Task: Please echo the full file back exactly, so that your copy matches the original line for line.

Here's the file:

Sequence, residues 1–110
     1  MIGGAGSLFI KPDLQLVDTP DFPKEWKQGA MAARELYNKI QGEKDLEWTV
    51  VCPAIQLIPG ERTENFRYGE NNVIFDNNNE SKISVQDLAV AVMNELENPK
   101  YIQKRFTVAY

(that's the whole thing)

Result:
Sequence, residues 1–110
     1  MIGGAGSLFI KPDLQLVDTP DFPKEWKQGA MAARELYNKI QGEKDLEWTV
    51  VCPAIQLIPG ERTENFRYGE NNVIFDNNNE SKISVQDLAV AVMNELENPK
   101  YIQKRFTVAY